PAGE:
General's settlement with Purdue specifically cited the company for failing to adequately address
Federal regulation requires manufacturers of controlled substances to monitor and
report suspicious conduct. See 21 U.S.C. 823(e); 21 C.F.R. 1301.74(b). In fact, the DEA in
2006 and 2007 sent letters to manufacturers and wholesalers of opioids, including Purdue,
reminding them of their legal "obligation to design and operate a system to disclose . . .
suspicious orders of controlled substances," to inform the DEA "of suspicious orders when
discovered," and to "maintain effective controls against diversion" of controlled substances.
Registrants' "responsibility does not end merely with the filing of a suspicious order report.
Registrants must conduct an independent analysis of suspicious orders prior to completing a sale
to determine whether the controlled substances are likely to be diverted from legitimate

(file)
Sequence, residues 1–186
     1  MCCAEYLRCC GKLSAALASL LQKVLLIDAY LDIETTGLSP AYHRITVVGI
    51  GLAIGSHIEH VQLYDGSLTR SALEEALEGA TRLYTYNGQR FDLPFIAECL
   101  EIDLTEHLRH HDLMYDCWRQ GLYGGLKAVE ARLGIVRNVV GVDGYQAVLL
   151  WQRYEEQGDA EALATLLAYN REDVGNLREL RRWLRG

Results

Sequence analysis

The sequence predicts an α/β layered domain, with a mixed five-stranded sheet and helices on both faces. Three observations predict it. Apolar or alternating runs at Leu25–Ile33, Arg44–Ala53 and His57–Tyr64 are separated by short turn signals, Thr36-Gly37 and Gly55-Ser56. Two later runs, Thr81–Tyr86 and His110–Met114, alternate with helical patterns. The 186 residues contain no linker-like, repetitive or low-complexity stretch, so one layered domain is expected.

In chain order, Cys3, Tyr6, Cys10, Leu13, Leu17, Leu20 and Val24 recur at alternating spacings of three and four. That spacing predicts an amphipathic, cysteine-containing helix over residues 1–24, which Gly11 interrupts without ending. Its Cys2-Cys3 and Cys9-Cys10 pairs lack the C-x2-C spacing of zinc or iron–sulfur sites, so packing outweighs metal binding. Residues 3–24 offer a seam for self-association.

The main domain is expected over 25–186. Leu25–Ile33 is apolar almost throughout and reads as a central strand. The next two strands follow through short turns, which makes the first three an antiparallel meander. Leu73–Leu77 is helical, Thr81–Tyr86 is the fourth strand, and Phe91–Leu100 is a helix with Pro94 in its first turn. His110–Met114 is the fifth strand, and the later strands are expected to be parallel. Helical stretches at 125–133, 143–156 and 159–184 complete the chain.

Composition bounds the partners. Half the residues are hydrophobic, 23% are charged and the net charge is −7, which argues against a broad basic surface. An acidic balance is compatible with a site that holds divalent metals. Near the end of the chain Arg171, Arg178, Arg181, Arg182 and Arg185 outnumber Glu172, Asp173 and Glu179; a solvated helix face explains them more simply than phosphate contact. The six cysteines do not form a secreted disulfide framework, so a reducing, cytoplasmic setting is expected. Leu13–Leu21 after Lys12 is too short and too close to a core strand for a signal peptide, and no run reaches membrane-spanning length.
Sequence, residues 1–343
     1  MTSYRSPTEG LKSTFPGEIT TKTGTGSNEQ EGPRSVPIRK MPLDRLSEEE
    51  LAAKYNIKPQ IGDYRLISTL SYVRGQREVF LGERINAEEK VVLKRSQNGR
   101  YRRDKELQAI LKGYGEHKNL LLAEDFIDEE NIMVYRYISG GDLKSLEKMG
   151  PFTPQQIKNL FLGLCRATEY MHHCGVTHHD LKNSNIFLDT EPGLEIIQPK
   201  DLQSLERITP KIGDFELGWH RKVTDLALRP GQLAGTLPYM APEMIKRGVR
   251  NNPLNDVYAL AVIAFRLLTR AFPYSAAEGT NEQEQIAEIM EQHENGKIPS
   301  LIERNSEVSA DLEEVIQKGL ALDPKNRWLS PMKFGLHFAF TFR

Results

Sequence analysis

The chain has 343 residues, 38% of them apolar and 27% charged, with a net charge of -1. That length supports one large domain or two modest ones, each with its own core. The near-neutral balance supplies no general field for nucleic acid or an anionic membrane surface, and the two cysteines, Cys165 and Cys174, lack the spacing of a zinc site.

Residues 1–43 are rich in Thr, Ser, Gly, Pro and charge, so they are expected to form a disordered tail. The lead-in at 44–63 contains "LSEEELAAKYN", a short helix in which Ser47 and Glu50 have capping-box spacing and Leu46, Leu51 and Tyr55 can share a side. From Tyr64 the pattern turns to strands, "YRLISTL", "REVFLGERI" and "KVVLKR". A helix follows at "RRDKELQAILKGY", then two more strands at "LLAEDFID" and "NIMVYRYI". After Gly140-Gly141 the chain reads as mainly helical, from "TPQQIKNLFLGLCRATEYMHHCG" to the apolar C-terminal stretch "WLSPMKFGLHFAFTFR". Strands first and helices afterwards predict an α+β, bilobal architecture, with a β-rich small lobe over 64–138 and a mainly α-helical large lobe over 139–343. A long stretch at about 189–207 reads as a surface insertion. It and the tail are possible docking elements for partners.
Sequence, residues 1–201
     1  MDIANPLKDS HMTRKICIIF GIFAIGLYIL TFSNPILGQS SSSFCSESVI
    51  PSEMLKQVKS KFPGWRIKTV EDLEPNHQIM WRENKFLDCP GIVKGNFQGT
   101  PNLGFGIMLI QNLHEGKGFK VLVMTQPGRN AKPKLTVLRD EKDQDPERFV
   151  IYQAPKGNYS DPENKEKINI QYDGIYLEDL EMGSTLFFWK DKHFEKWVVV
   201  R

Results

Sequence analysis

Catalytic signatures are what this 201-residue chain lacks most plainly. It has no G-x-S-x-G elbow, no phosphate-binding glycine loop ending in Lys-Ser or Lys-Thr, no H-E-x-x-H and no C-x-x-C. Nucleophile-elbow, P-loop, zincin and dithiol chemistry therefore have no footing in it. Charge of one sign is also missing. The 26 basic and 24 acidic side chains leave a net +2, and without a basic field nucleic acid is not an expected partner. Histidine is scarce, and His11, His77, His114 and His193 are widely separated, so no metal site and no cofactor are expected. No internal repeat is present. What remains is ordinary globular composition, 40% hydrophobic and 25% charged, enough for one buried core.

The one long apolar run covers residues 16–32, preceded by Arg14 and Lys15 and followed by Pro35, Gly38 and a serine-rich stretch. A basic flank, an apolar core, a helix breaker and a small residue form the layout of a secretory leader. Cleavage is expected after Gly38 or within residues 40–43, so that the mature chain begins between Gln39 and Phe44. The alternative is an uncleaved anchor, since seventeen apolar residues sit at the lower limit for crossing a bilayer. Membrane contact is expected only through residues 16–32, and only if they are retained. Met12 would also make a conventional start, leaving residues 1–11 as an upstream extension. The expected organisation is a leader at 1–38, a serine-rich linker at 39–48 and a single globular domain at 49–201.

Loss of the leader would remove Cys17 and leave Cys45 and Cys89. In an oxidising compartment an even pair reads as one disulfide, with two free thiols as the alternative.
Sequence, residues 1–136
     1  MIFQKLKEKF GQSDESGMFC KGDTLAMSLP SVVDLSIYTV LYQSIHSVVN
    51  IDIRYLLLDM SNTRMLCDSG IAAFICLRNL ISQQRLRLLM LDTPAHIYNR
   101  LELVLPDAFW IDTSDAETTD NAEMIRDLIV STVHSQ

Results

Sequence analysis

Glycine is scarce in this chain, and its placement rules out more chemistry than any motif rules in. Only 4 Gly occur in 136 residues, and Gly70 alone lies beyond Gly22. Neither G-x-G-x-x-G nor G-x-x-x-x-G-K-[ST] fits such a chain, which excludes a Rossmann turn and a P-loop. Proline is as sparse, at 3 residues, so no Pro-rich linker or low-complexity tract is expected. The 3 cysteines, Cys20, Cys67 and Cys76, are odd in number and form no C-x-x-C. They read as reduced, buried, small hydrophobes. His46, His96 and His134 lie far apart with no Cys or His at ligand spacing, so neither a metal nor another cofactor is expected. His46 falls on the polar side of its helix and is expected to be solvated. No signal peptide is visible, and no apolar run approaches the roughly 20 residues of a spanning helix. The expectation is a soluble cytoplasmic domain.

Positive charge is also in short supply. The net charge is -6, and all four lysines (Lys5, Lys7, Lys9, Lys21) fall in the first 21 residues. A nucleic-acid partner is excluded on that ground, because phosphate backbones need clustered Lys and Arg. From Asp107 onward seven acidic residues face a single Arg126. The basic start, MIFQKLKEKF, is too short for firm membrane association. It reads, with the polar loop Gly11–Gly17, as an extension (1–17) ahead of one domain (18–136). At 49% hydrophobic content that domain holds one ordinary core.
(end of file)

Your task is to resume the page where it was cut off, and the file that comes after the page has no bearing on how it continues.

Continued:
In New Hampshire, Purdue not only failed to share information on suspicious
prescribing with DEA, but failed to conduct any investigations of prescribers.
The failure to report or investigate suspicious prescribers did not reflect a lack of
suspicious conduct. On information and belief, based on analyses of New Hampshire
prescription data, there are at least 6 additional prescribers over the past 5 years whom Purdue
could and should have investigated for suspicious prescribing based on Purdue's own criteria and
data. These prescribers stood out from others based on either their overall volume of
prescribing, the high numbers or ratios of 80 mg OxyContin prescribed, or both.
Only recently did Purdue provide information to the Board of Medicine about its